- gpg-key2ps(arch pacakge):
gpg-key2ps <your_key_id> | ps2pdf - key_slips.pdf
Bring a valid photo ID to the party for verifying identities. You should not sign any key whose ownership identity and fingerprint have not been verified face to face and with a valid identity document.
People will rely on your signature when trusting third parties, so it’s really important to take this seriously. The web of trust is as strong as its weakest link, so let’s try not to introduce any.
During the Party
Usually, the way the signing party works is by forming two lines, connected on both ends (so it’s really a flattened circle), and you interact with the person you have in front of you. At that moment, you should:
- Exchange key details, either by exchanging paper slips or by double-checking the provided key details with its owner
- Verify the owner’s identity with an official document ID.
At the same time, you’re taking these steps, the person in front of you should be doing the same thing, so have your key details and ID ready to share as well.
Once you’re done, you just rotate to the person next to the current one, so the whole circle of people moves in the same direction. The signing party will end once you’ve performed a whole rotation, gathering and validating all the other attendees’ details.
After the Party
Once back at home, it’s time to sign the keys of the people whose details you’ve successfully verified.
You can do it one by one, or you can use some of the many tools available to automate the process. For the sake of understanding, I’ll explain the manual steps to follow to sign each key one by one.
- Retrieve the key from a public key server or from the list of provided keys. To fetch it from a key server, you have to use the following command:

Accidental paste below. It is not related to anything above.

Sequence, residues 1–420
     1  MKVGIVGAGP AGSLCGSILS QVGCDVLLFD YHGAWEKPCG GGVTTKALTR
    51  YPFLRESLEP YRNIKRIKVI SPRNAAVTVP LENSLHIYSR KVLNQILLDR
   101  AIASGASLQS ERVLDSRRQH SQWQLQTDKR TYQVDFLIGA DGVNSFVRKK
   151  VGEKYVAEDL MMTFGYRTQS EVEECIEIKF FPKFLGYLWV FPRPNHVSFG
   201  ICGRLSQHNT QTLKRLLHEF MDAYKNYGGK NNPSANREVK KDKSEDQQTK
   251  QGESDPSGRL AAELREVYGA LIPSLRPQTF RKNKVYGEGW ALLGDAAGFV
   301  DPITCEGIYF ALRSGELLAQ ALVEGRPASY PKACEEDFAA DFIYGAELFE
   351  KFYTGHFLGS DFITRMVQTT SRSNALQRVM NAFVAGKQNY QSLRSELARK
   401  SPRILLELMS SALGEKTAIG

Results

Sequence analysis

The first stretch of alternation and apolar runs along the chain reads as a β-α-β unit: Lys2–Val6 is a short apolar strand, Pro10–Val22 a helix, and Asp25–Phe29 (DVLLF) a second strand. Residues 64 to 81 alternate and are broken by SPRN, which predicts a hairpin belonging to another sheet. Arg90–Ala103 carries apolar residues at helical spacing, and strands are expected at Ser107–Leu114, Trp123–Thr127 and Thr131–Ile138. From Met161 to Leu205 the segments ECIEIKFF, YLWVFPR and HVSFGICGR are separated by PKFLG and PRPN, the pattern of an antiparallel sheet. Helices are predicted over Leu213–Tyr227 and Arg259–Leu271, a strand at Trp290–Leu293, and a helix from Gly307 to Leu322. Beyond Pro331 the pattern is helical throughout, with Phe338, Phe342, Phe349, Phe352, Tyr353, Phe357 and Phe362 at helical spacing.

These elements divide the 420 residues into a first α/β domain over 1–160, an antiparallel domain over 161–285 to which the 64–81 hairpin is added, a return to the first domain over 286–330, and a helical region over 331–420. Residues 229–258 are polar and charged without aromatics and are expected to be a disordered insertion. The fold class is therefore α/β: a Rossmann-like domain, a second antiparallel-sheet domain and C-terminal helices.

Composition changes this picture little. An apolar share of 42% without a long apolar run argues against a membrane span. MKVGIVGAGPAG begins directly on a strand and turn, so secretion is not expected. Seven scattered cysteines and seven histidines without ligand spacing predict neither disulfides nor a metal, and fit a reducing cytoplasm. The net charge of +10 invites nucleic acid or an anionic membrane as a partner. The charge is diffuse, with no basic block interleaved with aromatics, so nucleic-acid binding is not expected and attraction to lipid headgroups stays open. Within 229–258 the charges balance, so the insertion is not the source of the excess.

gpg --recv-keys <key_id>
- Verify that the key ID, fingerprint, name, and email match the ones you’ve validated during the party:
gpg --fingerprint <key_id>
- Once verified, sign the key:
gpg --sign-key --ask-cert-level <key_id>
- Finally, you can either email the signed key to its owner or publish it back to a public server. The public server will take care of merging signatures.
NOTE: as David Sardari mentioned in the comments, sending an encrypted mail to the owner with his key and signed by you, is probably a better way of double checking the email address of the owner, as well as letting him/her decide where to publish it (if at all)
Likewise, your key will hopefully be signed by multiple people, so keep an eye on your mailbox to see if someone is sending your key with their signature, or pull it from a keyserver to check if there are new signatures attached:
gpg --recv-keys <your_key_id>
Or to refresh all your keys in your keyring:
A PGP/GnuPG signing party is not just a gathering; it’s a fundamental step in building a robust web of trust. This trust network is vital for verifying the authenticity of public keys, thereby enhancing the security of digital communications. By participating in such events and following these steps, you contribute significantly to a more secure digital environment. Spread the knowledge, expand the web of trust, and continue to uphold the principles of digital security. Happy signing!